A senior police official present at the spot dodged the question when asked about any suspected foul play, adding that the forensic team is yet to ascertain the cause of fire. However, the locals and the refugees alleged that it was not at all an accidental incident, but a manufactured one.
“A few officials of the Yamuna Authority and UP Irrigation Department, which owns this land, had visited the camps in the evening, asking the occupants to vacate the place. They categorically told us that we would have to leave this place at any cost. The fire broke out hours after they left and when everyone had gone to sleep,” alleged all the refugees NewsClick spoke to.
“We are a persecuted community who were forced to flee our homeland. We took refuge in India as we had heard and even seen in movies that Indians are very compassionate. We are not asking for anything, except a place to live. We too are human beings and have children. We too have rights as human beings and refugees. We are not encroaching on your lands, nor are we living here illegally. Our stay here has been validated by the UNHRC, which has issued us a refugee card. What will you get by setting our makeshift tents on fire?” one of the refugees questioned.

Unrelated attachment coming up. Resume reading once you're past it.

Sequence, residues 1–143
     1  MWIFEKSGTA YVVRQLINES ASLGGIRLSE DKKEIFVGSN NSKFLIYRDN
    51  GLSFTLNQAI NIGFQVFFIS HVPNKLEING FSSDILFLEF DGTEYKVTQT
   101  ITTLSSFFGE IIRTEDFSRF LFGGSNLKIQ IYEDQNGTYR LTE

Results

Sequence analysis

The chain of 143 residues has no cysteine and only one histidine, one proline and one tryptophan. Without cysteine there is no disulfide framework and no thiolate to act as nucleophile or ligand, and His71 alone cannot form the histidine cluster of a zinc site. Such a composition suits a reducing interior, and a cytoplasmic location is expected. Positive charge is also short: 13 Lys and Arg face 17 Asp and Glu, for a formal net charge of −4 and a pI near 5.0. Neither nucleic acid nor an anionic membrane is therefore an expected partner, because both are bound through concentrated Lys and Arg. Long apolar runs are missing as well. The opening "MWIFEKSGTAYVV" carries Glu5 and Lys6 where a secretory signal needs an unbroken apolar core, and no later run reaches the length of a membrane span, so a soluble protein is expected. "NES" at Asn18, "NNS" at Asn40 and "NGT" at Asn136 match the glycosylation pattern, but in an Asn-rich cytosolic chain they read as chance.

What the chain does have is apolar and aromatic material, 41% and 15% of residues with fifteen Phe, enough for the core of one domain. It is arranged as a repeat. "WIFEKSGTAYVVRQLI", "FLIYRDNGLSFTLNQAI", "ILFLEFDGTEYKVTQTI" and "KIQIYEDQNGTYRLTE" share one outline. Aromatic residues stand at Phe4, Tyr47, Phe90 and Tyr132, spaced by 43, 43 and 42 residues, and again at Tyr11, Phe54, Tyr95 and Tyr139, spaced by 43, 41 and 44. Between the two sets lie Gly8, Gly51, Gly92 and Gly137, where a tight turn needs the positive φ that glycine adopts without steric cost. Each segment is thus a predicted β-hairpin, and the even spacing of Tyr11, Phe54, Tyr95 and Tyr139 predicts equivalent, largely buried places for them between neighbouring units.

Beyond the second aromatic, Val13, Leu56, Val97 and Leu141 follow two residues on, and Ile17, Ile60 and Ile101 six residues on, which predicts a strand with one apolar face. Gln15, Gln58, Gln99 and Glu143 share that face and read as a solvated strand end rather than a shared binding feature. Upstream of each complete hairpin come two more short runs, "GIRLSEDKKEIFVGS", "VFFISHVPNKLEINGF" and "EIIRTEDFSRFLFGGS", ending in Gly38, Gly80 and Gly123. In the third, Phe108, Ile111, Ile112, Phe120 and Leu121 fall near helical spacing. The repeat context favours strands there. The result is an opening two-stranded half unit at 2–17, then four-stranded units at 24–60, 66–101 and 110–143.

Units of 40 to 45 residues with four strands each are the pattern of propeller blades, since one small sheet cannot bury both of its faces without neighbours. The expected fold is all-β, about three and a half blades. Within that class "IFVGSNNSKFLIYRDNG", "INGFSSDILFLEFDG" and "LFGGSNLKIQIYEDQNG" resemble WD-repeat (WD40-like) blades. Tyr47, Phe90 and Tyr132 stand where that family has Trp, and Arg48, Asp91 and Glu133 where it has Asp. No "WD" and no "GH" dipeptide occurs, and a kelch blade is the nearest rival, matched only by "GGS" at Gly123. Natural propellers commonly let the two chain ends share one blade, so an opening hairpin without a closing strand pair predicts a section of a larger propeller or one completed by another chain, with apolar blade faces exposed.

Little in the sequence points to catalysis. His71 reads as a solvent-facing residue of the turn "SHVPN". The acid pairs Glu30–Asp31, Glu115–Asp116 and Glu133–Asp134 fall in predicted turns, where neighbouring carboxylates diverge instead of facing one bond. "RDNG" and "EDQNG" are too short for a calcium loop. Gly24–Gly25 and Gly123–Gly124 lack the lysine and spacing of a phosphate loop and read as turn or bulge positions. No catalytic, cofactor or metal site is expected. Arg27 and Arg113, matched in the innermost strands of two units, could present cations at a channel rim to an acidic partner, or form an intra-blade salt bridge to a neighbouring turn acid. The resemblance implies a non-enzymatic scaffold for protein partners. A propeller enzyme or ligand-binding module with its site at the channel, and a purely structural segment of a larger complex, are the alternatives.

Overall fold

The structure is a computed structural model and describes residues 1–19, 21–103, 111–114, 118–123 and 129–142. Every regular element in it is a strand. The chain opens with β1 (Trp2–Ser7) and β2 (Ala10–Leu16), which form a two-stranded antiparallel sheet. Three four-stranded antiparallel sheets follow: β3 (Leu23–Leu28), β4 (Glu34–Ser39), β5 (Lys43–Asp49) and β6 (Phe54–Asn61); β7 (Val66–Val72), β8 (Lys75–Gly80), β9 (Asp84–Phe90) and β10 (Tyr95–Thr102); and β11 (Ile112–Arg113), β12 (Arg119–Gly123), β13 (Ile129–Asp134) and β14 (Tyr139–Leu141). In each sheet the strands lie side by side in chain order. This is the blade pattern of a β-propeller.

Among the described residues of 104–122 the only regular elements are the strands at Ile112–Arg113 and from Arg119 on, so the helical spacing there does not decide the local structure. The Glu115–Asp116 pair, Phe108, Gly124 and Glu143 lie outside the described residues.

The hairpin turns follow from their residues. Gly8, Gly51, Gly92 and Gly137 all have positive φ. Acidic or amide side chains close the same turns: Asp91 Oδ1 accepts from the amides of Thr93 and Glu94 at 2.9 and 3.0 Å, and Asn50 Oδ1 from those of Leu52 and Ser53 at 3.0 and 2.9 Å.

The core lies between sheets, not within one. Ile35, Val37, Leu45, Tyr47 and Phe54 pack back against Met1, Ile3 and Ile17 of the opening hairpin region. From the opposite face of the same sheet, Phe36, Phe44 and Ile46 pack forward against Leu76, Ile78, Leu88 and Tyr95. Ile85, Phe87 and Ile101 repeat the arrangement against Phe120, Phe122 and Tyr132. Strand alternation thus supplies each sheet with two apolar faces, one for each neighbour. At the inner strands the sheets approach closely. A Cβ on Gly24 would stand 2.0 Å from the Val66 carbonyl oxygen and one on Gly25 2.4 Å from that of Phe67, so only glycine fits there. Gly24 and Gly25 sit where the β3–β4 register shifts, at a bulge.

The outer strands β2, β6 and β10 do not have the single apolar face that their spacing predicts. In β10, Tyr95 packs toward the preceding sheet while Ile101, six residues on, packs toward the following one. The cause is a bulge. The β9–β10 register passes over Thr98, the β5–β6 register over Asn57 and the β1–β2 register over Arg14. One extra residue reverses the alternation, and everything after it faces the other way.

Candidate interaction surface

It should be noted that this was the fifth conflagration at the camp over the past nine years. A massive pre-dawn blaze had destroyed Delhi's only camp for Rohingya refugees in April 2018 as well.
“It is called accidental fire, and such accidents keep happening again and again. The incident was well-planned to scare these people to the extent that they leave the city,” alleged Minnatullah Khan, a local Aam Aadmi Party (AAP) leader, demanding that a fair probe be conducted and culprits be brought to book.
When contacted over phone to seek his reaction, Okhla MLA Amanatullah Khan said he is not close to the spot because he is out of the city. “It would be premature to jump to any conclusion. Let the police investigate and come up with the truth. If it is someone’s handiwork, the possibility of which cannot be ruled out, he will not be spared for sure. We expect the police to do a fair and impartial investigation,” he said.
He added the Delhi government will give the victims an ex-gratia amount of Rs 25,000 so that they can restart their lives.
Most of the Rohingyas from the Kanchan Kunj camp have reached Delhi after their short stays at refugee camps in Jammu, where they report to have been repeatedly targeted by Hindutva groups. This camp is often referred to as a settlement of Bangladeshi refugees, with little knowledge about their migration and history.
The refugee camp had recently hit headlines after the Delhi Police launched a crackdown by picking up several of its alleged illegal occupants to put them in detention camps.
Following ethnic persecution by the then Buddhist government in Myanmar and its security forces, the Rohingya community has been fleeing Rakhine state for the past several years. A military offensive was launched against the community in October 2016 in the name of targeting extremist groups. Myanmar has refused to grant Rohingyas citizenship.